Poltava Oblast(redirected from Poltava Province)
part of the Ukrainian SSR. Formed on Sept. 22, 1937. Situated in the central part of the Left-bank Ukraine. Area, 28,800 sq km. Population, 1,730,000 (1974). The oblast is divided into 25 raions and has 13 cities and 23 urban-type settlements. The administrative center is the city of Poltava. The oblast was awarded the Order of Lenin in 1967.
Natural features. Poltava Oblast is situated on the ancient terraces of the Dnieper and its tributaries, at the southwestern slope of the Central Russian Upland. It occupies a plain, which slopes gently toward the Dnieper. The plain has elevations in the northeast of 170 to 202 m, and in the southwest of 60 to 100 m. In the east it is slightly rolling, dissected by deep river valleys, ravines, and gorges; in the west it is flat. The climate is temperate and continental. The average temperature in January ranges from –5.5° to –7.6°C, and in July from 20° to 21.7°C. The average annual precipitation varies from 430 to 560 mm and falls mainly in the summer. The length of the growing season, when the temperature is above 10°C, is 157 to 172 days. Rivers of the Dnieper River Basin that flow through the oblast are the Sula, Psel, and Vorskla, left tributaries of the Dnieper. Part of the Kremenchug Reservoir is in the oblast.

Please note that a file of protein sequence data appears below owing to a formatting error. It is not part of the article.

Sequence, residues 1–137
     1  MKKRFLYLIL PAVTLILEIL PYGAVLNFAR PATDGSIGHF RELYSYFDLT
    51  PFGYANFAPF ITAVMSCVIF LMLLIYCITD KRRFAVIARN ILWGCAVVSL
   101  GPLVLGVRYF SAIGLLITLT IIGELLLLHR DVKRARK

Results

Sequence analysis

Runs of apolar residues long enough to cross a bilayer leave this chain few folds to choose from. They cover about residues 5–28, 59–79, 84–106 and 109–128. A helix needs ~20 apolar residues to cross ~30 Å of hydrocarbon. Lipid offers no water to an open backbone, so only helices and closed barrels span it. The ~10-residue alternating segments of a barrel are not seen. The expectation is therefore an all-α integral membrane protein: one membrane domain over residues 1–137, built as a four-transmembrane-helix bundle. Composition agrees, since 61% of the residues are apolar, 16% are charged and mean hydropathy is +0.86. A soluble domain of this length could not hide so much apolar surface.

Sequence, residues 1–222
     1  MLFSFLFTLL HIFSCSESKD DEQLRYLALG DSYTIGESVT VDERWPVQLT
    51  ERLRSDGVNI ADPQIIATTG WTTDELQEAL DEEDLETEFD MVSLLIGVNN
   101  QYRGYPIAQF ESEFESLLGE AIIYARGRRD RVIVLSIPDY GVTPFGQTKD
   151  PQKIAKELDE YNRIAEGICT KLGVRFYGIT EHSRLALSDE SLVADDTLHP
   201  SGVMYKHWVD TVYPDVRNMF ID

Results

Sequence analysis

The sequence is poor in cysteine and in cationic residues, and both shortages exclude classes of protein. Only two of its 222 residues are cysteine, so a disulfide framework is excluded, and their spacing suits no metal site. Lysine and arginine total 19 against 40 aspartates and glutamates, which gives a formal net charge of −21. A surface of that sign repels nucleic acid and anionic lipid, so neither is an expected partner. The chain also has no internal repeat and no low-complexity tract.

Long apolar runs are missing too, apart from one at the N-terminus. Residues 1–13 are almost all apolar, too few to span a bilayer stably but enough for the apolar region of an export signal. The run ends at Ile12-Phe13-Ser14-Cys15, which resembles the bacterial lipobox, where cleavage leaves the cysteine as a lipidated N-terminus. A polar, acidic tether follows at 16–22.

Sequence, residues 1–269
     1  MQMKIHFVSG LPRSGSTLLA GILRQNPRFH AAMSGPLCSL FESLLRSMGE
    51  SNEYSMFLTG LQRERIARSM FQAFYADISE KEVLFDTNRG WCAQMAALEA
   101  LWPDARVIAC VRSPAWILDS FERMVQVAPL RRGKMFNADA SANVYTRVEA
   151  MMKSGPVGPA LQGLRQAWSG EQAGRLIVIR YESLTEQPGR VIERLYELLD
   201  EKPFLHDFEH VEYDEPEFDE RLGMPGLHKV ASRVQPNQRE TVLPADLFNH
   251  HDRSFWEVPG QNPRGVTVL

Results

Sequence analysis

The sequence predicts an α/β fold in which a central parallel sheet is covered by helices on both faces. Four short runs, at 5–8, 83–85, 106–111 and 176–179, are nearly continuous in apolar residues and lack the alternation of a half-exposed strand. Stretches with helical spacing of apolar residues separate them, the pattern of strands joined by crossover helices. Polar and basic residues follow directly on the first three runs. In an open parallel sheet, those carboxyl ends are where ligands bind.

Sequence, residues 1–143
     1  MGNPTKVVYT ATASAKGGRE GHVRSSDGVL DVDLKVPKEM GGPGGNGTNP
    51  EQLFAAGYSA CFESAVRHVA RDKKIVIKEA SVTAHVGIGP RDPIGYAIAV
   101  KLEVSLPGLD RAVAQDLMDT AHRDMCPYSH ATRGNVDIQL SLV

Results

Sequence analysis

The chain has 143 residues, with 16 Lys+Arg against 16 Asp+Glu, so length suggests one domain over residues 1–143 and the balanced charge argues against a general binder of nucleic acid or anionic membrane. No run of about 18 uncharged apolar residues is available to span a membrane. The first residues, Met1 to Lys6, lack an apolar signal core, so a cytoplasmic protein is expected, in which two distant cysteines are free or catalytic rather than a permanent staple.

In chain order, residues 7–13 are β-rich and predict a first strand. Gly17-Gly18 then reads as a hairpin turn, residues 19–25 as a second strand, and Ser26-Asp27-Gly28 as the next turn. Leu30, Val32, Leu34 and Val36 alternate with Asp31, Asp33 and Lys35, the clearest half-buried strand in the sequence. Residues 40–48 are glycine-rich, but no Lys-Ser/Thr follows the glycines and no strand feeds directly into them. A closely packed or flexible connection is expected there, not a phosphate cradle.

Chernozems, both thick and ordinary low- and average-humus chernozems, occupy a large part of the oblast (up to 70 percent). There are solodized soils and solodi in regions near the Dnieper. Dark-gray podzolized soils cover the areas along the Sula, Vorskla, and Psel rivers. The southern boundary of the forest-steppe passes through the oblast, along the Kremenchug-Poltava railroad line. There is almost no natural steppe vegetation. Forests and shrubs together with shelterbelts occupy 7.5 percent of the land area. Predominant trees are oak, ash, smooth-leaved elm, and maple; also encountered are linden and hornbeam. The underbrush consists largely of frangula and plants of the genus Coryla. Pine forests mixed with oak are common along the sandy river terraces, and there are many floodplain meadows.